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Poitier and Hoffman: The Dueling Kings of 1967 Hollywood

February 23, 2023
By:
Hunter Friesen
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In all the years that cinema has been alive, 1967 is undoubtedly one of the most pivotal. After years of jealousy towards the European model of thinking, America finally opened itself up to a new wave of filmmaking, one heralded by auteurs who subscribed to the ideas of new sentimentality. Films such as Bonnie and Clyde and The Graduate spoke to the younger audience of American cinema, offering exploration into forbidden topics such as sex, violence, and social change. 


Even though these films made their mark both critically and financially, it did not mean the death of old sentimentality in film, quite the contrary. In the Heat of the Night and Guess Who’s Coming to Dinner both were nominated for Best Picture that year, with the former taking home the prize. These two films appealed to the older generation through their use of star power and production values.



What’s most striking about the dichotomy between these two sets of films is the leading men at the center of them. On one side sits Dustin Hoffman; a short (only standing 5’5”) aloof brown-haired boy. On the other side is Sidney Poitier, who stands tall at 6’2” and is both exceedingly handsome and elegant. Both of these actors represented different generations of cinema and were hugely important in the turning point of 1967.


Dustin Hoffman had no screen presence before being cast in The Graduate. He had no major previous roles and did not possess the classic movie star looks such as the blonde hair of Robert Redford and Paul Newman or the towering charisma of Warren Beatty. Hoffman was of Jewish descent, which could be easily discerned from his looks, making him even more of an outsider to his contemporaries. Director Mike Nichols saw something in Hoffman, an opportunity to use Hoffman’s “flaws” to tell a more authentic story to a younger audience growing tired of Hollywood perfectionism. 


In The Graduate, Benjamin’s detachment from every aspect of life is something that connects with younger viewers. In 1967, the Vietnam War was still raging, and the American optimism that had been so prevalent since World War II had started to wane. Kids didn’t have their entire futures planned out and were starting to see the flaws within American society. Because of Hoffman and The Graduate, no longer does the main character have to have a goal to achieve or a lover to swoon over. Instead, they can be aimless and enter into an adulterous relationship with an older woman. This performance spurred Hoffman’s career further, with equally down & dirty roles in Midnight Cowboy and Straw Dogs just a few years later.



Sidney Poitier, on the other hand, was, through his involvement in the projects, a proponent of old sentimentality in Hollywood. Where Hoffman’s popularity was beginning to boom, Poitier’s reached its peak and would soon come crashing down. His roles in both In the Heat of the Night and Guess Who’s Coming to Dinner shined a light on race relations within America but did it through the old lens of conventionalism. Of course, a black man leading a Best Picture winner and garnering acclaim for his performance isn’t something to shortchange. But Poitier played by Hollywood’s rules, playing stoic, calm, and poignant men that appealed to a generation that stood for professionalism and the status quo.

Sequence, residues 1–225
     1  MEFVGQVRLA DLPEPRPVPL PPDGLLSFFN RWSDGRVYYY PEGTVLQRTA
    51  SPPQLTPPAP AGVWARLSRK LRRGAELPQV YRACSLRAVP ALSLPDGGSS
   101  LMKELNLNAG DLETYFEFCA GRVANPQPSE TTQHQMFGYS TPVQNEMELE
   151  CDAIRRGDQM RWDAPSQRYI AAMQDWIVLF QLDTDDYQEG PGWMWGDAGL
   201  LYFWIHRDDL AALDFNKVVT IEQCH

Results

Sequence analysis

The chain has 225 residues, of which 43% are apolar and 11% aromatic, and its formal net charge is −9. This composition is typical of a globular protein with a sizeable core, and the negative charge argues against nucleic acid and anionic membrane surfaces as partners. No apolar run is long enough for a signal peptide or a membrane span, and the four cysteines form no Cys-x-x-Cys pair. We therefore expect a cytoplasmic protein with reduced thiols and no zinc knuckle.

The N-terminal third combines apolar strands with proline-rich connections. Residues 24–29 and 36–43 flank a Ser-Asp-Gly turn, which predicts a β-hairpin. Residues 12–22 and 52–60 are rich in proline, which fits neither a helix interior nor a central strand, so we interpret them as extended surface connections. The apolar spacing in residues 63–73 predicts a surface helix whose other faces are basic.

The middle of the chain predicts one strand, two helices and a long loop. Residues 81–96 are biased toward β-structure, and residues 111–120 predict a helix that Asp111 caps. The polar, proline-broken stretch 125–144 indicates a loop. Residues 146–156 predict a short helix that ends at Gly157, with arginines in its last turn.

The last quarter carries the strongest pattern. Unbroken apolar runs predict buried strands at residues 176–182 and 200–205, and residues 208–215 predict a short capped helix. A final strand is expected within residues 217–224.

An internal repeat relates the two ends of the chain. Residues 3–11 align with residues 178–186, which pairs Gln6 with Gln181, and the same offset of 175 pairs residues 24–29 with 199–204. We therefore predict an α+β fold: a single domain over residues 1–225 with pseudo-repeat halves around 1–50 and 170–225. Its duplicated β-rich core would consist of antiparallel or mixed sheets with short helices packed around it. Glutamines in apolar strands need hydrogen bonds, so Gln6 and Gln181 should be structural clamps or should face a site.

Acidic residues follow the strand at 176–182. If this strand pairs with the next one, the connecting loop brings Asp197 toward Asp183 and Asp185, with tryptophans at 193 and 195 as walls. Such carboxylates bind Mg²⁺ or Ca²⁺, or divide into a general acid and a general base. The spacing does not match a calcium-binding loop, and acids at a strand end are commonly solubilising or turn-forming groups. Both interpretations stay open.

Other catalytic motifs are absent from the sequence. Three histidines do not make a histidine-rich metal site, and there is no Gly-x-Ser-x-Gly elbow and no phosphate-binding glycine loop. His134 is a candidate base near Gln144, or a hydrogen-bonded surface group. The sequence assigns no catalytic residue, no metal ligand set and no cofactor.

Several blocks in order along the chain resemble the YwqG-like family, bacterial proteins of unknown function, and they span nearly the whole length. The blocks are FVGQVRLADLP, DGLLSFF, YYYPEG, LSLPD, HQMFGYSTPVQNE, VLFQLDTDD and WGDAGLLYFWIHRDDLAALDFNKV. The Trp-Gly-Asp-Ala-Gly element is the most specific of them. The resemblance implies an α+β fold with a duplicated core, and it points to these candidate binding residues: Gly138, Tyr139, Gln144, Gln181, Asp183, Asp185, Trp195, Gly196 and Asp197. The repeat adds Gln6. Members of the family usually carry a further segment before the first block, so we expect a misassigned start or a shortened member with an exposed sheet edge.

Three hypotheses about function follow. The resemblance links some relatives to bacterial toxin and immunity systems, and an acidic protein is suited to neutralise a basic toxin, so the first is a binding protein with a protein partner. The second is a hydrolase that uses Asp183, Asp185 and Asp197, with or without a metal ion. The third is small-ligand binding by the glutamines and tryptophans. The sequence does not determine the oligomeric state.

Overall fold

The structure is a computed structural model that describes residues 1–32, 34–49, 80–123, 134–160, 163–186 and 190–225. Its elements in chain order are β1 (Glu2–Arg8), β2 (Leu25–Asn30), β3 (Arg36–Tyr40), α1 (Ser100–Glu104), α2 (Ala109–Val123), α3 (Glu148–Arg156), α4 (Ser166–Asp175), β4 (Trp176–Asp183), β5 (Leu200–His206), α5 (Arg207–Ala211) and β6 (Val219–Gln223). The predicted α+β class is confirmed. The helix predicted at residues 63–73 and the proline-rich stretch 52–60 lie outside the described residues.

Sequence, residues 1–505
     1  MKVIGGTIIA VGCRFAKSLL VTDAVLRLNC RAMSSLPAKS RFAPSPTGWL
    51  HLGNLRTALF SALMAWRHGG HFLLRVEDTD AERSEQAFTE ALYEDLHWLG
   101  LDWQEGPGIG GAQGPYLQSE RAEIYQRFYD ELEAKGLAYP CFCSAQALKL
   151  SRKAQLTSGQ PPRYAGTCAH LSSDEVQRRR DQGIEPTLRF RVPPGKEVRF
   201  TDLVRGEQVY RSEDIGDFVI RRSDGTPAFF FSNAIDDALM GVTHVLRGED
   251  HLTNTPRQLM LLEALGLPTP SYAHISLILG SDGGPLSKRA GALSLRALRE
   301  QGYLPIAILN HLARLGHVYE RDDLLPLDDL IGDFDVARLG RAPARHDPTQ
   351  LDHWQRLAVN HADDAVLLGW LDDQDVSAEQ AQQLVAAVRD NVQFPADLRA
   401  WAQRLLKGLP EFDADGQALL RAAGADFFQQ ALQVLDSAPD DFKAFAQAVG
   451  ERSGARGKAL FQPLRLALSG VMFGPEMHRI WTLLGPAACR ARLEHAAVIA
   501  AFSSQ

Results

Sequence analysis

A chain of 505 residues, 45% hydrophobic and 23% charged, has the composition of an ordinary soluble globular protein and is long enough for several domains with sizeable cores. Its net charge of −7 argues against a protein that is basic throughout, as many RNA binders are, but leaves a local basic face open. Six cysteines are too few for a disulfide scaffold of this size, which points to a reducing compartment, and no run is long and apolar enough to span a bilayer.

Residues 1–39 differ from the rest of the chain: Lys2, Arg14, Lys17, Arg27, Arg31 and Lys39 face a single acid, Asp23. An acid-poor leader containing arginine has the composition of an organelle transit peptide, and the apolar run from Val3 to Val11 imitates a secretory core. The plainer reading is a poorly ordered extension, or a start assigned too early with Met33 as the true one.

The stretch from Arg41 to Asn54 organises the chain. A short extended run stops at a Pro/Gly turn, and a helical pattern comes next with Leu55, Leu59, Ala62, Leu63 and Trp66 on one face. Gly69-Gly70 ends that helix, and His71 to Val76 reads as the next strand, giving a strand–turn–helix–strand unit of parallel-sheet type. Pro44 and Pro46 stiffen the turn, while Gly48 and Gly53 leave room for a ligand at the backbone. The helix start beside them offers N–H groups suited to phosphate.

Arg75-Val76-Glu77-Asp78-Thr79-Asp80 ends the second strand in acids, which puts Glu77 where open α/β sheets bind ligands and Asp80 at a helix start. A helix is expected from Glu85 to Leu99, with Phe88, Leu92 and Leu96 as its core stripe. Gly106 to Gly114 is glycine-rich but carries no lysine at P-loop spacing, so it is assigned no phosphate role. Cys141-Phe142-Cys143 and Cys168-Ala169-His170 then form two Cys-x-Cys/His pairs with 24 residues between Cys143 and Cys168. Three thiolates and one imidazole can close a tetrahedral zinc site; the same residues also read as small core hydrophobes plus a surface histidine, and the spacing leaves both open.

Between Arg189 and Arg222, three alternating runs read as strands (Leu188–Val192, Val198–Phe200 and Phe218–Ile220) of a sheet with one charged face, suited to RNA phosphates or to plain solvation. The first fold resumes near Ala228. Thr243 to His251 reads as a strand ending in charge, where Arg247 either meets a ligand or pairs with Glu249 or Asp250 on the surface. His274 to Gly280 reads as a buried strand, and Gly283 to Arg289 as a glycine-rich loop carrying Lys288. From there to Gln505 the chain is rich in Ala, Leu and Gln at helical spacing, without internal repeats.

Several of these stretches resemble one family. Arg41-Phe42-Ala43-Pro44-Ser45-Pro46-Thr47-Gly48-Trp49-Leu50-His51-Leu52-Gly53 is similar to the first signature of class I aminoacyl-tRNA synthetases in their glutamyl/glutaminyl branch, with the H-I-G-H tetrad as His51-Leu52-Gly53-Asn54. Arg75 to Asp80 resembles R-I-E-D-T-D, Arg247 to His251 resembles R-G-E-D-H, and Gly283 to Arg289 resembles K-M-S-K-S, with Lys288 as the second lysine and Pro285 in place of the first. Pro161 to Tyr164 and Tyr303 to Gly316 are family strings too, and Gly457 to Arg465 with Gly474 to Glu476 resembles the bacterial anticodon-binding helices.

In the Heat of the Night has Poitier play Virgil Tibbs, who solves a murder case in the deep south and confronts the town’s ideals through his merit as a detective and ability to withstand undeserved ridicule. In Guess Who’s Coming to Dinner, Poitier is John Prentice, seemingly the world’s greatest doctor who rests the solution to his marital problem in the hands of Spencer Tracy, one of the great screen legends of the past.


While both these roles allowed Poitier to address social change in intermittent radical ways, such as his retaliatory slap against Endicott and his fiery speech about thinking of himself not as a colored man, but just a man. Both of these movies portrayed the white savior narrative that had grown out of favor among the younger generation. Unlike Hoffman, Poitier’s appeal was, ironically, only to the people that had been holding him back all those years, and not to the people who were looking to create change within the nation and Hollywood system. This is why Poitier never stayed at the same level post-1967, as New Hollywood emerged and the old conventions started to die off, both literally and figuratively.


Both Dustin Hoffman and Sidney Poiter were exciting actors for an exciting time in American cinema. Through their physical and personality traits, they appealed to different sets of ideals within the American psyche at a time when both sides came to a crossroads.

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